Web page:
Native American Indian News Reel

Indian Country Today explores the Wampanoag side of the First Thanksgiving story of 1621. The Wampanoag and Pilgrims did not sit down for a big turkey dinner. It was an event which the Wampanoag neither knew about nor were invited to in advance.



PBS History Detectives explores Ince’s Hollywood Indian Payroll: Who were “Two Lance and Wife” and “Luke Big Turnip and Wife?” And why did the New York Motion Picture Company pay them each week? How did these Native Americans earn their pay? Did Hollywood treat them fairly?



In Indian Country Today, Rob Schmidt expounds upon the light & dark of the 20/20 special entitled “Children of the Plains,” in which correspondent Diane Sawyer visits South Dakota’s Pine Ridge Reservation and makes less-than-revealing observations.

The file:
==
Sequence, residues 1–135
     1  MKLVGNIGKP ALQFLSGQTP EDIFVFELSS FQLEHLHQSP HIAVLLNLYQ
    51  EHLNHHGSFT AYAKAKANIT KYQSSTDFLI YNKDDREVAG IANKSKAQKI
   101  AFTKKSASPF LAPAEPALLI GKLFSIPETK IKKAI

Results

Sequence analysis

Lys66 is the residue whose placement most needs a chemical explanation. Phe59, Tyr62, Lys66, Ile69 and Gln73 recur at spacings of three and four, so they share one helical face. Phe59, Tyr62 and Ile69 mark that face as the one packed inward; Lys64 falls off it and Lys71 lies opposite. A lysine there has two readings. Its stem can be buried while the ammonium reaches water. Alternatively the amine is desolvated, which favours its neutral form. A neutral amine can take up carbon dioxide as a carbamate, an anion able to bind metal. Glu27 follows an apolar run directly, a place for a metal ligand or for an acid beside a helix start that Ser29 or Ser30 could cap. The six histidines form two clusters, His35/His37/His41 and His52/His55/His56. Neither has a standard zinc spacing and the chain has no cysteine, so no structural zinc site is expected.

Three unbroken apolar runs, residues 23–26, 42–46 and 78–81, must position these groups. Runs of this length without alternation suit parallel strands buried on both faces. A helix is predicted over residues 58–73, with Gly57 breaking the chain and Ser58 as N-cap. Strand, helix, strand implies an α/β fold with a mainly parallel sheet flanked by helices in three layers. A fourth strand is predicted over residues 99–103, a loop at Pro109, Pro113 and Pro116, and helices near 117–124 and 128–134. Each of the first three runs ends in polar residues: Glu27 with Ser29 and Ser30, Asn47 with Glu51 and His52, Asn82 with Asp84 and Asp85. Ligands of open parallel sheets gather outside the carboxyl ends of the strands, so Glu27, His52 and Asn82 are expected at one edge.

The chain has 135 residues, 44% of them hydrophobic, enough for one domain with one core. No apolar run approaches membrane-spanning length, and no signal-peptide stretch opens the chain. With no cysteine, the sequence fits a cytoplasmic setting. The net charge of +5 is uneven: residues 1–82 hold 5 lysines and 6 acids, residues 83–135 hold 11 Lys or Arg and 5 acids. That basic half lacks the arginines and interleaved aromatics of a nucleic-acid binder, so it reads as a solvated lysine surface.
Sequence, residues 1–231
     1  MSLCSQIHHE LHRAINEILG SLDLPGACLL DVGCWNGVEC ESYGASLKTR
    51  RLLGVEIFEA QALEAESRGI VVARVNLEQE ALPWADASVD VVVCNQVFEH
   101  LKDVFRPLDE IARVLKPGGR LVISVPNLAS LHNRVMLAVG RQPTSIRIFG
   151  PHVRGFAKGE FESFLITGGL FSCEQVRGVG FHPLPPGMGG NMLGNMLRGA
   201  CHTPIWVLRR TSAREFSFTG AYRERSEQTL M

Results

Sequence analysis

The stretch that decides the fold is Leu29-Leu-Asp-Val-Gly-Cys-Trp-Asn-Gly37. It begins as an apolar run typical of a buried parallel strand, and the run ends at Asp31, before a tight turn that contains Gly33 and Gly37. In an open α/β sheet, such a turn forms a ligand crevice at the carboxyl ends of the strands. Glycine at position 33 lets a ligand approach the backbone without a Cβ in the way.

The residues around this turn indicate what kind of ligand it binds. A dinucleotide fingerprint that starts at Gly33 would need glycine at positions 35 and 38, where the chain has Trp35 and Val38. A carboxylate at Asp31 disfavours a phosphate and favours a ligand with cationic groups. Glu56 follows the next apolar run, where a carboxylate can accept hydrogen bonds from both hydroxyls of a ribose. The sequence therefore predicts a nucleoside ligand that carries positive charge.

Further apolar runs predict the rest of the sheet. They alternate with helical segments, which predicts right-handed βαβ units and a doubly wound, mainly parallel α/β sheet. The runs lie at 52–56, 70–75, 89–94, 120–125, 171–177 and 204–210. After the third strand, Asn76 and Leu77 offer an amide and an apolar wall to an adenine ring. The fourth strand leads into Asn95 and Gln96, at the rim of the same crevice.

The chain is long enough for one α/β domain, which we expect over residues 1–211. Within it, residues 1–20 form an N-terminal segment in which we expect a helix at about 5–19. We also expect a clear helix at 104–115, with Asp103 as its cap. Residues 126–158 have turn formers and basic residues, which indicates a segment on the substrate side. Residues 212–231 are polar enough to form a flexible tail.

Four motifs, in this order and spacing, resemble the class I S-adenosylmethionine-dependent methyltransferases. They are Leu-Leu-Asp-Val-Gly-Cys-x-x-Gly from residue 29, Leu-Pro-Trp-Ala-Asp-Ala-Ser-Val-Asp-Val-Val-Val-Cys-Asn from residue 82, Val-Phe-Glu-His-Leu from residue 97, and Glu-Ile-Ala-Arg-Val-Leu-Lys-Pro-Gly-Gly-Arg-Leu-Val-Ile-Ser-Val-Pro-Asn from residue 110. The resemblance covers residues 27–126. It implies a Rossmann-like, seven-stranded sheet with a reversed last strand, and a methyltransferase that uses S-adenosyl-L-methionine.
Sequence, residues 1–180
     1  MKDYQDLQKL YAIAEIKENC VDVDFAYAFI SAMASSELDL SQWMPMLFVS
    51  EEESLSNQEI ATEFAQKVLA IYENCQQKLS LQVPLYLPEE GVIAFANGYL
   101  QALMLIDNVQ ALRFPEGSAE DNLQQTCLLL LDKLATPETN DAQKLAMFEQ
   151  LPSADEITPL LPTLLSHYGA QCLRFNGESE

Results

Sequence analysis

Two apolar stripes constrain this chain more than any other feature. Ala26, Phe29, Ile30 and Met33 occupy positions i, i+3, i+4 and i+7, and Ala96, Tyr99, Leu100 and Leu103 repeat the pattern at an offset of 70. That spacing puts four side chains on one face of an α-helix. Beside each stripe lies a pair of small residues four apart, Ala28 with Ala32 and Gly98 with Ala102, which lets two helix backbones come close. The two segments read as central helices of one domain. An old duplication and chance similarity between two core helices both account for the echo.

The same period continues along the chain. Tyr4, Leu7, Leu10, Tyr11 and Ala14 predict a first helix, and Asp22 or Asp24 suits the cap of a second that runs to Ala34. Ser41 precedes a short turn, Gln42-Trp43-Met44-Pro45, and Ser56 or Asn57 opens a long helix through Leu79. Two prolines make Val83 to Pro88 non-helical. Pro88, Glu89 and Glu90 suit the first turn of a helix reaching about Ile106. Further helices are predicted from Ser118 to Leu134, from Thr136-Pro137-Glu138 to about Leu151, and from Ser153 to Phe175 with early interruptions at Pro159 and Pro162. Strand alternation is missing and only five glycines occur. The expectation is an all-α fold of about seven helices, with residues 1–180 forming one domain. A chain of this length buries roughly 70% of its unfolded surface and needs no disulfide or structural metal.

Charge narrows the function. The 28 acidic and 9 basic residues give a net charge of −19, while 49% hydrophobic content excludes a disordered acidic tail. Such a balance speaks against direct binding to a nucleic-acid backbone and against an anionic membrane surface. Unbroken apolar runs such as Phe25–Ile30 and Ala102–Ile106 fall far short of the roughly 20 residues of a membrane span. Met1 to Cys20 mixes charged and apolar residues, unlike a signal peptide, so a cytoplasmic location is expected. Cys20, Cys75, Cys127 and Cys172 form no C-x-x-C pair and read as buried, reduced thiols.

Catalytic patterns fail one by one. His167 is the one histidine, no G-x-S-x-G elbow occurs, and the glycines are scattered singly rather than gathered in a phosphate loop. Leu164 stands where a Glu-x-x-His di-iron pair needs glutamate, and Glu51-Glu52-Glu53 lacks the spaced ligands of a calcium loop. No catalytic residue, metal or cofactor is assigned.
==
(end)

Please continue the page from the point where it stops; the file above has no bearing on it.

The Wampanoag saved the Pilgrims from starvation, and lived to regret it. Their revered linguist, Jessie Little Doe Baird, help the Wampanoag tribe of Cape Cod and Martha’s vineyard revive their mother tongue.



Lindsey Catherine Cornum enlightens us in Remaking Native American Heritage Month, “a part of the larger tradition of the U.S. government granting minorities and marginalized peoples their own month as an abstract monument to their histories and recognition of their oppressions.


Says Cormum, “We are made to believe these are all good things, gifts we should be grateful for. Well, I refuse to believe. There will be no Thanksgiving this November.”


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World News Wednesday

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